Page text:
It seems that every travel guide ever written suggests that visiting Rome in the summer is the most foolhardy things you could ever do short of standing under a tree with an umbrella during a thunderstorm. So now that the summer is (sadly) long gone and Rome is apparently safe for human habitation once more here’s a guide to making the most of Rome this winter.
Christmas in Rome
Sadly now is far too late to get tickets for the Christmas Papal Mass (indeed if you’re thinking of attending the Mass at Christmas next year then get your application in now) but there are still plenty of celebrations taking place across the city. The Piazza Navona hosts an annual Christmas market from mid-December which climaxes when La Befana (who is roughly the Italian equivalent of Santa Claus) touches down with gifts for the awaiting children on the 5th of January. While the market isn’t exactly awash with high quality goods (if you’re looking for I love Rome t-shirts and tacky Jesus memorabilia you’ll be well served) the atmosphere is electric (especially on January the 5th).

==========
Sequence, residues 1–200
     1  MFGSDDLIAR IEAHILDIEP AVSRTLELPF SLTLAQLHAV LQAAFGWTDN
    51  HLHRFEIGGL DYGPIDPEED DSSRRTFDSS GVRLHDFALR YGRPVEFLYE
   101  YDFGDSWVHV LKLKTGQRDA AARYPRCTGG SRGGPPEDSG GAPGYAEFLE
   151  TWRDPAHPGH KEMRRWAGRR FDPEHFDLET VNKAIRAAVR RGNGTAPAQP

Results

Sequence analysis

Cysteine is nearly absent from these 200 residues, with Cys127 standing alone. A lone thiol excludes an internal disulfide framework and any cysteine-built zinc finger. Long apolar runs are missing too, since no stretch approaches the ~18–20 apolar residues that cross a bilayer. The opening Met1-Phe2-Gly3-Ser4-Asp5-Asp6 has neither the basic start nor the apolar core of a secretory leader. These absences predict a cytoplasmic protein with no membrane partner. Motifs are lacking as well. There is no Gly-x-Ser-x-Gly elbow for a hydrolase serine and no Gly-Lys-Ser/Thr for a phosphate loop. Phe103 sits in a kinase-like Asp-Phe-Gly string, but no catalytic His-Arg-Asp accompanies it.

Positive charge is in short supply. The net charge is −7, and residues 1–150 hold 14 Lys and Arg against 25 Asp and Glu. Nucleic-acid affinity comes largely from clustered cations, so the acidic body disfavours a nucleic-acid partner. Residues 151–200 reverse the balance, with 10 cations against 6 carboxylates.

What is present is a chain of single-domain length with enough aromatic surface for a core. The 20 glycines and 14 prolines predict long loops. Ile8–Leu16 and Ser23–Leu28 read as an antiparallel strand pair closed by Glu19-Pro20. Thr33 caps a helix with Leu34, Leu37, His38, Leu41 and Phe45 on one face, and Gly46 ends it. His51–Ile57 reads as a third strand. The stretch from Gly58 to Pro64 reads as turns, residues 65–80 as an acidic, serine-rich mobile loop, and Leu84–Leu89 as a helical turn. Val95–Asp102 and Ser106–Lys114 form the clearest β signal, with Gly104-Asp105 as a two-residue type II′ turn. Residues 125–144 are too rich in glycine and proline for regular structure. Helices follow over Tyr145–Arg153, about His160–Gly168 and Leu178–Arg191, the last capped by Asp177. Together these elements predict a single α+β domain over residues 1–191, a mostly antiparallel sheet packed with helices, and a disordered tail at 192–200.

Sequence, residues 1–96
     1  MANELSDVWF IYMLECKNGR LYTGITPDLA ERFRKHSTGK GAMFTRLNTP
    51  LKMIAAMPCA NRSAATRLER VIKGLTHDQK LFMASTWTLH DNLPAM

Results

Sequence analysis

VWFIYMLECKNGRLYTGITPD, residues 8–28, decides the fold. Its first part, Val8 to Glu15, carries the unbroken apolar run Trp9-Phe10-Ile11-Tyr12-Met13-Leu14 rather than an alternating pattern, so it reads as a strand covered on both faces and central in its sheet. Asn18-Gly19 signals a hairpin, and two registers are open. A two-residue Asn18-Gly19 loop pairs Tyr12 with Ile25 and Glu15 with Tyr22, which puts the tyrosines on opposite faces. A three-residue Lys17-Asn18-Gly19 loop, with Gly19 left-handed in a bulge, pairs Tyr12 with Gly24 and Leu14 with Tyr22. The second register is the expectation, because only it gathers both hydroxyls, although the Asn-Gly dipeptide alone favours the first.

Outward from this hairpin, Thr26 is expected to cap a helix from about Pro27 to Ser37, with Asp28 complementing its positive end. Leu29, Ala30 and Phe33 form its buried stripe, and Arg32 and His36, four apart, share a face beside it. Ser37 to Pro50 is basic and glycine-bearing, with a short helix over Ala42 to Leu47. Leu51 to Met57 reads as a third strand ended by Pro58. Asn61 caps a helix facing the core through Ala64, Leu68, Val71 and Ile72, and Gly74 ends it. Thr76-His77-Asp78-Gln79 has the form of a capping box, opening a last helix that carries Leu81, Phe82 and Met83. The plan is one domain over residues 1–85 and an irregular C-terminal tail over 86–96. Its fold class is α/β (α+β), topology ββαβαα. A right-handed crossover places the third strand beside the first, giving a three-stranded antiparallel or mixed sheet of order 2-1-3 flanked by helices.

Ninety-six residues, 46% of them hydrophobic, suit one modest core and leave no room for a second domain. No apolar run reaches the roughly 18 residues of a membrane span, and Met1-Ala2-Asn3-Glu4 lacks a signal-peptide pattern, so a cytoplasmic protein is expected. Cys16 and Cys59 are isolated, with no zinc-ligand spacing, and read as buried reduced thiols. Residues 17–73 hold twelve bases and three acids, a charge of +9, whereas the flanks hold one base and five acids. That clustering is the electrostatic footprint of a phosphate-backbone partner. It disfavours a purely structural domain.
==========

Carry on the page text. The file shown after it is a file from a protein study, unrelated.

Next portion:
Slightly further down the annual calendar is Rome’s Carnevale, held in the week before Lent. The festival, like carnivals worldwide, represents the last great ‘knees-up’ before Lent’s 40 days of fasting and self-denial. While it’d be unfair to suggest that Rome’s Carnival could rival the likes of Rio de Janeiro it’s still a great chance to see Italian culture at its best. Parades and festivals take place city-wide during the week and the whole thing is topped off by a spectacular fireworks display on its closing night.
Unfortunately Rome’s biggest tourist attractions rarely see quiet days, even in the depths of winter and if you’re desperate to actually take in the Vatican (rather than being propelled through it by a crowd) then it’s worth paying for early admission (this is available from certain tour guides including the excellent Walks of Italy). Other tourist attractions however will be quieter and if you fancy visiting another of Rome’s churches like the Basillica di San Clemente then you’re more likely to get in without having to elbow your way past other tourists. It’s worth double checking opening hours before visiting attractions out of season as some will be closed on Sundays or Mondays.
Where to Stay
Rome is chronically short of hotels during the summer and the situation is only marginally improved in the winter months. This means it’s worth considering other accommodation options, such as apartments or hostels. Oh-Rome.com has a good selection of apartments in Rome and there’s no shortage of hostels and B&B’s dotted around the city either.